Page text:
1 Jun 2017
The Offsite Construction Guide
With the demands of the construction sector growing year after year, the industry has been looking for new and unique avenues to satisfy project requirements. Many issues have been growing in the past couple of years. There are a number of companies that are demanding shorter lead times on their construction projects so they can open the facility sooner and have a quicker return on investment. With an increased growth in construction spending, this has put a great strain on companies to keep up with project times, not to mention the labor shortage construction companies are seeing.
Many companies have decided to turn to an alternative to “stick-built” construction: offsite construction. Offsite construction, commonly known as prefabricated construction soothes a number of the problems that plague the construction sector at this time. With the majority of the building being constructed or manufactured in a controlled, factory-like environment, offsite construction offers an interesting channel for many groups looking for new ways to expand.
However, offsite construction is definitely not a new phenomenon. In fact, the process itself has existed for around 150 years, but it also has had a few stigmas surrounding it from the past. Many view offsite construction as a “cookie cutter” solution to their space needs or view it as being of lower quality. Most of these sentiments can probably be traced back to earlier days of modular construction practices and an overall unfamiliarity with the process. Nevertheless, today’s offsite construction industry has been vastly transformed, and in this post, we will go through the offsite construction process to see how it all fits together.
The offsite construction process begins where all construction processes begin, in the design phase.
And here also starts one of the biggest and most common myths you will see pertaining to offsite construction, a lack of design options and flexibility. The fact that the building is constructed offsite has no influence over the design phase of the project. Architects and engineers are still able to craft a building as they see fit.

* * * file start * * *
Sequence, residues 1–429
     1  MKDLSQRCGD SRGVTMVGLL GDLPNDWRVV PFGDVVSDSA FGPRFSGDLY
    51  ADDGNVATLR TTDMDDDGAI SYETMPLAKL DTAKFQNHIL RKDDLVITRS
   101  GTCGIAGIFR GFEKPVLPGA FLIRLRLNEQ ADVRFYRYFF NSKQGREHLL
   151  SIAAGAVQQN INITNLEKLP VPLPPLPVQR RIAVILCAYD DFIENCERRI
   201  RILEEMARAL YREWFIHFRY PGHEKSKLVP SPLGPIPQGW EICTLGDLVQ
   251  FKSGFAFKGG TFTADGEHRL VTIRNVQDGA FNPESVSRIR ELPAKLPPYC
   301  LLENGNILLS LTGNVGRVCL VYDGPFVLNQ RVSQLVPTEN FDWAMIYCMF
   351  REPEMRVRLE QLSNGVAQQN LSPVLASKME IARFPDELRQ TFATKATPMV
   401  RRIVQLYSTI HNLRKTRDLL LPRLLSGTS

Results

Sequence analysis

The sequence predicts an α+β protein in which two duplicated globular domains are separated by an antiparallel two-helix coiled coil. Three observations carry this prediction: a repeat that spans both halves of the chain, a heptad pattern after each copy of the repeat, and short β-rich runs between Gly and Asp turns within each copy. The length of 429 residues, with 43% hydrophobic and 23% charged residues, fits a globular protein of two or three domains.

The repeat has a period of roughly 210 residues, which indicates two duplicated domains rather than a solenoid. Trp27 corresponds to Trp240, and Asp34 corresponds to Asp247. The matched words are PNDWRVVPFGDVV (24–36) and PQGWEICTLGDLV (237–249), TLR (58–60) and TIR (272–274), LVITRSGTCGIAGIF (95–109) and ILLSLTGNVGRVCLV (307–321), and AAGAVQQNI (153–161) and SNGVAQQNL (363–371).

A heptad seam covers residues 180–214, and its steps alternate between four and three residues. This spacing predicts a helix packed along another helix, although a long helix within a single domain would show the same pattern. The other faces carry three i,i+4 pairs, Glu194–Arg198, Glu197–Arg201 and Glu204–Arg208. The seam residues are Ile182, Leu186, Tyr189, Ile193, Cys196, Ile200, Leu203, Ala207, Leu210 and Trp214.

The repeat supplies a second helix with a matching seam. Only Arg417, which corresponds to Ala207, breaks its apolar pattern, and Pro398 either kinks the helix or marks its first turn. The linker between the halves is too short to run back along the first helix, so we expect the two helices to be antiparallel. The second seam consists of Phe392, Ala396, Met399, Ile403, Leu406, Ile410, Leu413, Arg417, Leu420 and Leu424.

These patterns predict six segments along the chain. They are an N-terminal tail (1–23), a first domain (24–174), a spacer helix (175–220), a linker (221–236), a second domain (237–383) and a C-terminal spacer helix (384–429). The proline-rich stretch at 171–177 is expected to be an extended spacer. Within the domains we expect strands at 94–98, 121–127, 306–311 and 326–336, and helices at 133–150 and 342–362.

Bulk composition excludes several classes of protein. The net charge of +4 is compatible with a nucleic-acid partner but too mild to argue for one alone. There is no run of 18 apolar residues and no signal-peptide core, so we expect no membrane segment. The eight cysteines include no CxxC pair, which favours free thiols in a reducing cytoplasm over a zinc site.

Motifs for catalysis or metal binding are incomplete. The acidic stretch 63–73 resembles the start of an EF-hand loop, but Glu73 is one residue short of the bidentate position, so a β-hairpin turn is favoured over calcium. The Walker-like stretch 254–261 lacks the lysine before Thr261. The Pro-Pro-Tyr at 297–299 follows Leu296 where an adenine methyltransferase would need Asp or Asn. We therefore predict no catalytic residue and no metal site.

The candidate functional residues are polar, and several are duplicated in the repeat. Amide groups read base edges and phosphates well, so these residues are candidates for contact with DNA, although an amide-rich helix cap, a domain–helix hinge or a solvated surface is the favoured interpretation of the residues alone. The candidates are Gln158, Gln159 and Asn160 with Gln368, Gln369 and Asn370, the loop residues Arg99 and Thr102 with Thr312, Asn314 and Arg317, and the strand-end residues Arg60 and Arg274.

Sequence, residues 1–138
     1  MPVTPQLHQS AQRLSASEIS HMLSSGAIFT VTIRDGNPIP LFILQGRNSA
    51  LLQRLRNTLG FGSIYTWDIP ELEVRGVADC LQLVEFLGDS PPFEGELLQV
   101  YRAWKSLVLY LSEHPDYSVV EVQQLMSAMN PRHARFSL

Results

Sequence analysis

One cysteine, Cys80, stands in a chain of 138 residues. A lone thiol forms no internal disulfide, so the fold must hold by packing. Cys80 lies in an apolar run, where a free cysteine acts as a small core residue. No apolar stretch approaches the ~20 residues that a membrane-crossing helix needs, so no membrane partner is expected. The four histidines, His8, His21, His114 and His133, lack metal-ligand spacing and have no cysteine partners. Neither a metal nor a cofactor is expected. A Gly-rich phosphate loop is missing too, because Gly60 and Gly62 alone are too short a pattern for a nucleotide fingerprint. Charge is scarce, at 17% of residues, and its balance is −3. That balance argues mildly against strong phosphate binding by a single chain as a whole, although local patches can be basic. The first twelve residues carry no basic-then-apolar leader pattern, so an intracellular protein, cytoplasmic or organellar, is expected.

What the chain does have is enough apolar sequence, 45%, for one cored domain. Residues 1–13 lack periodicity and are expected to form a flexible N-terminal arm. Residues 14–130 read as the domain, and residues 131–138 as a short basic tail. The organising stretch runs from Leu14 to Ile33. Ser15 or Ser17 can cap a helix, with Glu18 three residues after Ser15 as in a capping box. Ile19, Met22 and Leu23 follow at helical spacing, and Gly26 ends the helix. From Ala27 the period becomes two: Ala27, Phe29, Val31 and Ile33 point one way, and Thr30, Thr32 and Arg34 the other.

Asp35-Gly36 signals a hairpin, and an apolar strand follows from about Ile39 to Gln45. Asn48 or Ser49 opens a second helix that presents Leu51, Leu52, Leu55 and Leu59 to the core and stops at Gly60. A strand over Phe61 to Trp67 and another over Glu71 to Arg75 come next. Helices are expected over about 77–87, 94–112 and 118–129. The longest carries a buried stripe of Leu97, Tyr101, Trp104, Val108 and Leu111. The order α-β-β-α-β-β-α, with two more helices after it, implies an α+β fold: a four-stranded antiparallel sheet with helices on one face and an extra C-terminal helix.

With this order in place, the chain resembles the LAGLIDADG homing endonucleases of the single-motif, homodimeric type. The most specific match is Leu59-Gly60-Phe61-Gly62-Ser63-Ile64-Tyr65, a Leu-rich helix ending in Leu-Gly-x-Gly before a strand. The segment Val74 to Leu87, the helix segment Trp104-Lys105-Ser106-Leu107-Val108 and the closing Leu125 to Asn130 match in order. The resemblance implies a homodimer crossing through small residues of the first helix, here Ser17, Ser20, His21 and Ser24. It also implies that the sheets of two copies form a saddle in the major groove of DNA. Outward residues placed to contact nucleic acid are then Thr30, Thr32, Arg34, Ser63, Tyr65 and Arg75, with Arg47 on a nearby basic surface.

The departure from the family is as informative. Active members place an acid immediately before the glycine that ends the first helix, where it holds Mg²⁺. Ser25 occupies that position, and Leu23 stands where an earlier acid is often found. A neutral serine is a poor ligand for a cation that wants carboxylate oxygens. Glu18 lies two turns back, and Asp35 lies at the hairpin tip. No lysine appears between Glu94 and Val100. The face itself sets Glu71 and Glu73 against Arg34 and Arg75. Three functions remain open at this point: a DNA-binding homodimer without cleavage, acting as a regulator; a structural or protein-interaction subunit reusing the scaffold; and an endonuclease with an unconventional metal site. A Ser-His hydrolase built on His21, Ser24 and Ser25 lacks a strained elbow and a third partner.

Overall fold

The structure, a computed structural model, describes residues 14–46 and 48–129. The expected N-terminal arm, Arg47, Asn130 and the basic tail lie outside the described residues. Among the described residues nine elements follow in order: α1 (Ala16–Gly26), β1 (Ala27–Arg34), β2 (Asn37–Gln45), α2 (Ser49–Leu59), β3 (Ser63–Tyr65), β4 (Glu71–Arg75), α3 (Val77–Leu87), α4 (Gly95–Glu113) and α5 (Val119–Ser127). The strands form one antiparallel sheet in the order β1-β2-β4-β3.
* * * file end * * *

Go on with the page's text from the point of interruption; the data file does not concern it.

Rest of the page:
Designing a modular construction project is very similar to a traditional construction project, with a few nuances to consider. The architect must make all the same considerations considering code compliance, especially in projects consisting of large, multi-story buildings. However, when designing the building, you obviously need to take into account that these buildings and structures are indeed built in modules and transported to the site in that form.
This is where the idea of offsite construction as a “cookie cutter” solution comes in. Many in the industry understand that these structures are designed in modules, but they do not consider that these modules can be organized in any arrangement needed, and each module can be designed to fit any shape or form needed.In this sense, these modules are like toy building blocks for an architect or project manager. They can fit together in a wide range of ways, offering limitless variety in their design phase.
After the structure’s design is agreed upon and inspected by a third party, the manufacturing process can begin. Obviously, this phase of the project is where offsite construction is the most unique and really has an opportunity to shine.
As noted in our previous post, “Sustainable Construction Trends for 2017,” modular/offsite construction provides a potential solution to the construction industry’s labor shortage as well.